FBI says terrorism cases on upswing
Federal officials in Seattle say they unraveled a plot last week that was developed by what appear to be homegrown radicals embracing a militant Islamic doctrine.
Seattle Times staff reporters
In 2002, Joseph Anthony Davis held up a 7-Eleven in Bremerton with two plastic toy guns.
Nine years later, he sat on the floor of his SeaTac apartment to plan a terrorist attack with machine guns and grenades against a Seattle military recruiting station, according to tape-recordings made by an informant.
Federal officials last week arrested Davis, now known as Abu Khalid Abdul-Latif, as they once again unraveled an alleged plot developed not in some distant al-Qaida haven but by what appear to be homegrown radicals embracing a militant Islamic doctrine.
Terrorism analysts say such individuals have been involved in many of the Islamic terrorism cases prosecuted by the Justice Department in recent years.
And they caution that the United States is in a period of heightened risk for such plots, which are fueled by a combustible mix that includes graphic images of civilians killed by U.S. forces in Afghanistan, the upcoming 10th anniversary of the 9/11 attacks, and, perhaps most important, the U.S. special-operations team's killing of Osama bin Laden.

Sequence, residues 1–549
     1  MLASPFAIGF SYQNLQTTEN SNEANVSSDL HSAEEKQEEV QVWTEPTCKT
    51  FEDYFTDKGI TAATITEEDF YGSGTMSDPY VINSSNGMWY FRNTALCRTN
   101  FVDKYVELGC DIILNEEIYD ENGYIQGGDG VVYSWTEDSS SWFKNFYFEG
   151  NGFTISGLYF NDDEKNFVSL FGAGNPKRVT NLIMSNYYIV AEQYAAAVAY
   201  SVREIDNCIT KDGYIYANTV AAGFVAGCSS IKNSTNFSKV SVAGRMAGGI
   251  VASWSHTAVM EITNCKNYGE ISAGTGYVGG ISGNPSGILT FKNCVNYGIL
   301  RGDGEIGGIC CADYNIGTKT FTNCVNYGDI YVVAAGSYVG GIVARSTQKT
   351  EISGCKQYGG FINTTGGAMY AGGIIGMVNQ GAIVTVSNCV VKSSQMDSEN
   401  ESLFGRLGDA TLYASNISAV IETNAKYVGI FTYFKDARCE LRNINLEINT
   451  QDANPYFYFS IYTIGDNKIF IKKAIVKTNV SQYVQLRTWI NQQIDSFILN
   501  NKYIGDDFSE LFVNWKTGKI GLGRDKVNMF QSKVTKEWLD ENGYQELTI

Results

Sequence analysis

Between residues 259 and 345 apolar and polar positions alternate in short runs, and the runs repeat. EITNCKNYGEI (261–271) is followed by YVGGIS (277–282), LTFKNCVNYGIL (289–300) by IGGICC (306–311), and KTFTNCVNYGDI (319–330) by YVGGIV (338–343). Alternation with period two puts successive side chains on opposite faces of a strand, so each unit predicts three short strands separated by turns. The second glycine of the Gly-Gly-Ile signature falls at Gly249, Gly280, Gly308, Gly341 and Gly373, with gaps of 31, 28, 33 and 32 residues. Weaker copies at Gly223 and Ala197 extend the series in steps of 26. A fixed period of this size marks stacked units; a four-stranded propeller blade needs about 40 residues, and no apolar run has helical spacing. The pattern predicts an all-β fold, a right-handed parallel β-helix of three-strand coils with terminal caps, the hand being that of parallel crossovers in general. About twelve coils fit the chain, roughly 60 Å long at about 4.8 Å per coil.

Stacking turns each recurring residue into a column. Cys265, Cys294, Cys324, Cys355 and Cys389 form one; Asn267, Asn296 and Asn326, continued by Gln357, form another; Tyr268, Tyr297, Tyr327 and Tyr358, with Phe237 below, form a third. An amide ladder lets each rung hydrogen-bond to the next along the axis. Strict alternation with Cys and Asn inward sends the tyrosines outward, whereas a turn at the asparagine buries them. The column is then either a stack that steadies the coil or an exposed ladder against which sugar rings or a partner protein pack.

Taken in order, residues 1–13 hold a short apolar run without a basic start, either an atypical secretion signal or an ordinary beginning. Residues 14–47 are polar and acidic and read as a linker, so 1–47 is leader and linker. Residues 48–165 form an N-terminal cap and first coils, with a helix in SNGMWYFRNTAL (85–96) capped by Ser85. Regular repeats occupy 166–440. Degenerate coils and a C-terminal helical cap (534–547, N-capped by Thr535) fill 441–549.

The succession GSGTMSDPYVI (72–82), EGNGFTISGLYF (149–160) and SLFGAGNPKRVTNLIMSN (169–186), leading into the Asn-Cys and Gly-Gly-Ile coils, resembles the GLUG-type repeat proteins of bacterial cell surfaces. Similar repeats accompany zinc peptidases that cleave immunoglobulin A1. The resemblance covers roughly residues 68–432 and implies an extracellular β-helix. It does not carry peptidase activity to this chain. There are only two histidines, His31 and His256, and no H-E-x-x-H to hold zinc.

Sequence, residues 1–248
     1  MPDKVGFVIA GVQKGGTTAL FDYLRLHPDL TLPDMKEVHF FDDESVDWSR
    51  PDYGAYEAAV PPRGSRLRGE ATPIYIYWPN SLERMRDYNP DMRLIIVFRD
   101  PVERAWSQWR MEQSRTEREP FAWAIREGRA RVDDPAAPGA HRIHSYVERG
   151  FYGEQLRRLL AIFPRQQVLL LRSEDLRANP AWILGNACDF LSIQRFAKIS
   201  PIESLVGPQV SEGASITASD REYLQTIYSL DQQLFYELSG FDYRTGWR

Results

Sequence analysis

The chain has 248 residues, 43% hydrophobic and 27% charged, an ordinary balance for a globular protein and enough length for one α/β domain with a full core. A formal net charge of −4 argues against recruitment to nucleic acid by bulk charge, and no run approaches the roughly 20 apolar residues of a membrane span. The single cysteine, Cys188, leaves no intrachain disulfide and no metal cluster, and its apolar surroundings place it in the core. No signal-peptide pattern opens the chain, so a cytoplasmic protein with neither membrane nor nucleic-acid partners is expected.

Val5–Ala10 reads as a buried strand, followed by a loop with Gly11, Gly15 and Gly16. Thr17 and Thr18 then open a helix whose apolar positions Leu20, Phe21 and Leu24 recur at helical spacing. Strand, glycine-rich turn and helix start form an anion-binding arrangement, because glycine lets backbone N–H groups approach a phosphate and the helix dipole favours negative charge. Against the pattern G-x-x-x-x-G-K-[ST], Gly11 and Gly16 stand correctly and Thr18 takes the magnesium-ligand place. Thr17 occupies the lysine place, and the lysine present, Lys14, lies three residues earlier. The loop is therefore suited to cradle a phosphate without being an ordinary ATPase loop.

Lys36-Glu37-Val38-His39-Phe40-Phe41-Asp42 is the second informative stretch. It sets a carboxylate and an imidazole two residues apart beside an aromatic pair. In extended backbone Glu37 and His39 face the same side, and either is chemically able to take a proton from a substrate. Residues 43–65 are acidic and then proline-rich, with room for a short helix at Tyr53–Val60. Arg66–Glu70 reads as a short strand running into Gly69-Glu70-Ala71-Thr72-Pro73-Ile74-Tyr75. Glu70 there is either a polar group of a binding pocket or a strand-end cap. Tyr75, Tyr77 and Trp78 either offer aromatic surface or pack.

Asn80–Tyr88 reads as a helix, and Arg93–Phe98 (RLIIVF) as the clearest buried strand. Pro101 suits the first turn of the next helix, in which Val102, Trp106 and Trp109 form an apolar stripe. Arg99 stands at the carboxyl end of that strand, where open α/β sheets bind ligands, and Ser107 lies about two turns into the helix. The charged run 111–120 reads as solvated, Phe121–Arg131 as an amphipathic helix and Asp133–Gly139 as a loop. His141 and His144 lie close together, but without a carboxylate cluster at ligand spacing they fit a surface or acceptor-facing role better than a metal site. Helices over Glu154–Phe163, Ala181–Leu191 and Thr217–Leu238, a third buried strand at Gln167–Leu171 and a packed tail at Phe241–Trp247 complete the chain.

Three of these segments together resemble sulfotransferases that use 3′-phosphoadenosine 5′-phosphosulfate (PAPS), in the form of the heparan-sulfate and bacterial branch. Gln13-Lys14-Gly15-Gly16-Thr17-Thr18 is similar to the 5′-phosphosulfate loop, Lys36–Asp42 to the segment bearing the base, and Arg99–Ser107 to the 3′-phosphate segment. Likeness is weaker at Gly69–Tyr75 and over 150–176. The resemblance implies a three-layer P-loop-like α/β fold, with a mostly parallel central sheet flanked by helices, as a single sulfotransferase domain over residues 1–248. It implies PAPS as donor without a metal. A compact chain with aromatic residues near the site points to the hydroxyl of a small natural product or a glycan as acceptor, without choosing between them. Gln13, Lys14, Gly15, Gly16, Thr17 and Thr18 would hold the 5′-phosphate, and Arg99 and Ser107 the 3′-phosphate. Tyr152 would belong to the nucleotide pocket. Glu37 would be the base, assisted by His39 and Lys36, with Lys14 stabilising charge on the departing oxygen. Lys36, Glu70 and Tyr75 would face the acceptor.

"With martyrdom comes a strong desire to retaliate. It adds another layer of motivation," said David Cid, executive director of the Oklahoma-based Memorial Institute for the Prevention of Terrorism. "Everybody has to be pretty much on their toes for the foreseeable future."
Law-enforcement officials in the Northwest and elsewhere in the nation also are on alert to potential terrorism threats from an expanding pool of American right-wing extremists.
This year, Kevin William Harpham, a former soldier from Stevens County who reportedly had links to neo-Nazi groups in the past, was accused of planting a bomb laced with rat poison along the Martin Luther King Jr. Day parade route in Spokane.
"Just with the number of cases we've had in the past six months, I'm going to be asking for a 10 to 20 percent increase in our current (budget) numbers," said David Gomez, assistant special agent in charge of the FBI's Seattle office.